Matt Weinstock, Feb. 23, 1960
February 23, 2010 | 4:00 pm
Right Bows to Might
It happened at dusk on a Sunset Flyer, which travels from downtown L.A. to Laurel Canyon.
As Cynthia Lawrence boarded the bus, the driver gave her a check. This was wrong. A two-zone fare is in effect along the entire route and no checks are necessary. But in the submissive manner of commuters, she accepted it.
The bus roared into the dense Hollywood Freeway traffic. Midway to Western Ave., the turnoff point, the driver pulled to the side, stopped and started to collect the checks.
Seven passengers, accustomed to paying the fare without receiving checks, were caught empty-handed and the driver demanded an additional 7 cents from each. They demurred. Finally two shrugged and paid tribute. The other five refused. The driver resumed his seat and folded his arms. It was an impasse.
FIVE MINUTES PASSED, then 10, and still the busload sat locked in conflict. But not one uninvolved passenger attempted to persuade the others to pay. They sat united, commuters at the barricades, holding fast to the belief that 27 cents was enough and a free people must resist tyranny wherever it occurs, even on a freeway shoulder.
They exchanged unflattering comments about life under the MTA. One after another tried to reason with the driver but he was adamant. One small group plotted escape but gave it up. At length, four of the five, feeling an obligation to the others, grudgingly deposited the extra money in the fare box. But one, a girl, held out. Finally a distraught commuter, anxious for home and family, donated the 7 cents and the mobile person plunged on.
Next day Cynthia phoned the MTA to report the incident and learned that the company already knew about it. A nice lady also confirmed her opinion that there was no check stop on the freeway. Furthermore, she was told, the driver had been "confused" and would be "re-instructed."
But what, she asks, about the illegal profit of 49 cents?
ONE OF THE curious tribal customs in certain elegant residential sections is that people don't get very close. They know each other by sight but that's about as far as neighborliness goes.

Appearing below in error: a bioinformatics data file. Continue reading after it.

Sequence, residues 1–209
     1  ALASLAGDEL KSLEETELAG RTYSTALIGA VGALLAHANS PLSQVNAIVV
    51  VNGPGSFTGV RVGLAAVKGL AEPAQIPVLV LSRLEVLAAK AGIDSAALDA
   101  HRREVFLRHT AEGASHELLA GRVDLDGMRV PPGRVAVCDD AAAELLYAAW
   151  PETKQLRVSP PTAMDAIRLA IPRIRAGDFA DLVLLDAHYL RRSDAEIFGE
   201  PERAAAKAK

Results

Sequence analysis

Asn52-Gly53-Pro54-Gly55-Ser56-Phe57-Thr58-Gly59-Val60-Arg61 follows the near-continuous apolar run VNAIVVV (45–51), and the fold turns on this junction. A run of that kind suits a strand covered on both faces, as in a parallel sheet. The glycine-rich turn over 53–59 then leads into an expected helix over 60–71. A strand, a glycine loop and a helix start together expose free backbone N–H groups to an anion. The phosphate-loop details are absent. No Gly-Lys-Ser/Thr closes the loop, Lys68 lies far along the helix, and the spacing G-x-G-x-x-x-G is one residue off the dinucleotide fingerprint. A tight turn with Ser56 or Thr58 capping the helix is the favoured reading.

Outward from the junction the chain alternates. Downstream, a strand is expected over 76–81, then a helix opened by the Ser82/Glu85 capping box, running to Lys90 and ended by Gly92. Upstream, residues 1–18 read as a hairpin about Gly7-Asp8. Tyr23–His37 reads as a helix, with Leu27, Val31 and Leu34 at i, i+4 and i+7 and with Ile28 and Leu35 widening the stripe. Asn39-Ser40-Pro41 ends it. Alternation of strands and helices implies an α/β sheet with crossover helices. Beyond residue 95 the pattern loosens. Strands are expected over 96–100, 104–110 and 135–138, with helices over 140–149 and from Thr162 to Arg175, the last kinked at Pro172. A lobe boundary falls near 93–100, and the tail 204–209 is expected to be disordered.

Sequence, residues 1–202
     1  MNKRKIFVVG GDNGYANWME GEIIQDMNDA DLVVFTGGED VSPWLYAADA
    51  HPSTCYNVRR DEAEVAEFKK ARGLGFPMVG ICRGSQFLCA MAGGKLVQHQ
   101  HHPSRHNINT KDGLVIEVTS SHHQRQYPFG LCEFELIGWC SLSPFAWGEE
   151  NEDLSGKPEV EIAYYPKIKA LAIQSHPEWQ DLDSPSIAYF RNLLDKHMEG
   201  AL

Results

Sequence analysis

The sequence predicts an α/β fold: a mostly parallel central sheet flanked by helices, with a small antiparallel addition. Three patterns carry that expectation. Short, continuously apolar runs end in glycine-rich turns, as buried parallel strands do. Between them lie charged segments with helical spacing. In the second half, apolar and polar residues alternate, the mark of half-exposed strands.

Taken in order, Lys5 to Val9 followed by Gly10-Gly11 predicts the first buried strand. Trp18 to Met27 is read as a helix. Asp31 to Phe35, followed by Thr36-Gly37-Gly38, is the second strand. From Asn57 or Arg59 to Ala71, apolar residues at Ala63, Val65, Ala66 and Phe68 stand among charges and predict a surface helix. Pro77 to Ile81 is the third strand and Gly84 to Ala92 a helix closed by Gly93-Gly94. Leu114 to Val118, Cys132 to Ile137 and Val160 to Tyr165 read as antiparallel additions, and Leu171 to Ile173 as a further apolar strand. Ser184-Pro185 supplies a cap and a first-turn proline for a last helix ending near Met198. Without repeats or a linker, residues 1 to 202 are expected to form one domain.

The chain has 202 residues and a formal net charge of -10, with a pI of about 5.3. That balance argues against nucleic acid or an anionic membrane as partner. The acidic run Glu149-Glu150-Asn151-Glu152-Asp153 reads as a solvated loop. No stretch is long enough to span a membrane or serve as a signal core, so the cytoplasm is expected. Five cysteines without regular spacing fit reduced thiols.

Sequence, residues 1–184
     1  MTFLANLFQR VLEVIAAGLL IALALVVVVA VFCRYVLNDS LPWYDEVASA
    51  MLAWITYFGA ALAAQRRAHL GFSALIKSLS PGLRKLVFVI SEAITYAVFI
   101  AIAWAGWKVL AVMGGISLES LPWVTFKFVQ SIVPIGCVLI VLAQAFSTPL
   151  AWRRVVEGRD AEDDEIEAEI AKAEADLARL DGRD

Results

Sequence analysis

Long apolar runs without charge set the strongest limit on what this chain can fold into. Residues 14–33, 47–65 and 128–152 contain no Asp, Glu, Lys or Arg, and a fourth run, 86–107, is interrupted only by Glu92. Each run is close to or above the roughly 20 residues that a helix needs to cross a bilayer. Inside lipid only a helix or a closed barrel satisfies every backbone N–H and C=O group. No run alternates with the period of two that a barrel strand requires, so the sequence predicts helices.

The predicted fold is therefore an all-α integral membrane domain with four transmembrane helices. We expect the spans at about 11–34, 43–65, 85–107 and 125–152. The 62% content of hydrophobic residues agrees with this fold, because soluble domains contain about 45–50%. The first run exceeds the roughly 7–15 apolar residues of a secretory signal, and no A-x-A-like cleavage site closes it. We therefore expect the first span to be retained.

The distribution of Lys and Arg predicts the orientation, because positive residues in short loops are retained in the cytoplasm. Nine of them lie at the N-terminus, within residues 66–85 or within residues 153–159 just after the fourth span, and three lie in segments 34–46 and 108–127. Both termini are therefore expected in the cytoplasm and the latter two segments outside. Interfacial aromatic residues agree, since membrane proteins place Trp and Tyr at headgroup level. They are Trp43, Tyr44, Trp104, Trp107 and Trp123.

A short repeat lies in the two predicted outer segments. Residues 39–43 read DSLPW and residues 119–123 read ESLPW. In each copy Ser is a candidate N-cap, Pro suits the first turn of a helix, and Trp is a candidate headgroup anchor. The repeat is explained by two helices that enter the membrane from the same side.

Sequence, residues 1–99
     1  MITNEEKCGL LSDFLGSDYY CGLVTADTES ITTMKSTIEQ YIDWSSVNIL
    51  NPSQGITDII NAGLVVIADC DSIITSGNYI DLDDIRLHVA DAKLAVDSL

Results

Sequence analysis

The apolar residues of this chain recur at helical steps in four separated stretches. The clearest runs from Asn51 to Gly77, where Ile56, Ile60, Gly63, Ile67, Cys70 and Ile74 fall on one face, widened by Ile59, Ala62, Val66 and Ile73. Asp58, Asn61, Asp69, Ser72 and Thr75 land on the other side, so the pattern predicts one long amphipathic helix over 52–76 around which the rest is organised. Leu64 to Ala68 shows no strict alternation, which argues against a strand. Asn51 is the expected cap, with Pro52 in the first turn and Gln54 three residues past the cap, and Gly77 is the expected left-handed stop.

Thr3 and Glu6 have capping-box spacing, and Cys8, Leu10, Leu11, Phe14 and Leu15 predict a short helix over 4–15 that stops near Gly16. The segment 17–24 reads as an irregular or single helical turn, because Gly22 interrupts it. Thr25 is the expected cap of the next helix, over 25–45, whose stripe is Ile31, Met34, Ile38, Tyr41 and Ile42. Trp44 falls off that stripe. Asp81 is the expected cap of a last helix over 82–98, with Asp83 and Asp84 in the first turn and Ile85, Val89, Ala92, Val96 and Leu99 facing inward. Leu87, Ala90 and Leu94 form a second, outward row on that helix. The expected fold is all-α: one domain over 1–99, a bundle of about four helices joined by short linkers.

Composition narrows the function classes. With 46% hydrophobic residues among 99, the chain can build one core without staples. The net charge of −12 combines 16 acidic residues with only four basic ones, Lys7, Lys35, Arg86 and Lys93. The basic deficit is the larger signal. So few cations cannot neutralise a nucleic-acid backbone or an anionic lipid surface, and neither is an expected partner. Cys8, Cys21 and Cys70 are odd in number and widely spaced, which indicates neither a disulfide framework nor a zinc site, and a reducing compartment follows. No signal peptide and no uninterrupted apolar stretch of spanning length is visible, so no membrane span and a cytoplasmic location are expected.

No long ago Steve Gardner of Bel-Air went to a travel agency to arrange a trip to Mexico City. To his delight, the travel bureau man turned out to be a neighbor, a waving acquaintance who was going to Mexico City at the same time. They arranged to meet there and did and had a wonderful time. But since their return they rarely see each other. No reason -- that's just the way things are.
SALES psychology surveys doubtless will show that people rise more quickly to the bait if the price of an article is $1.98 instead of $2, or $29.9 cents a gallon of gas instead of a simple, straight 30 cents. Many persons, of course, consider this practice a nuisance.
Well, this is to report that the dissenters are losing ground. A Redondo Beach barbershop offers haircuts for $1.29.
IN THE VIEW of Mrs. Mason Sanders of Pasadena, an ad for a stationery firm in the Feb. 1 Vogue represents a milestone in cool, oblique product plugging. It is a photo of a presumably Mediterranean courtyard with a row of statues of old Roman ladies, with a caption, "I'm turning the beach house over to you. Stuart and I will be married at his villa in Capri. Celeste." Below is a message, "When it comes to impressing first husbands, a stinging little note on Crane's paper does more for your ego than alimony."
Civilized is the word for Celeste.
A buss is a motherly kiss
A buss is something that
JOSEPH P. KRENGEL
AT RANDOM -- The word payola, newly added to the language, isn't new at all in meaning. The Chinese got to it long ago with cumshaw. And apparently we're only in the early stages of the game. For instance, Joe Furst, who runs a speedometer shop on W Pico Blvd., calls a checkup a speedola . . . Although she is confronted continually with signs to the contrary, Virginia Donohue contends the original prime rib was Eve.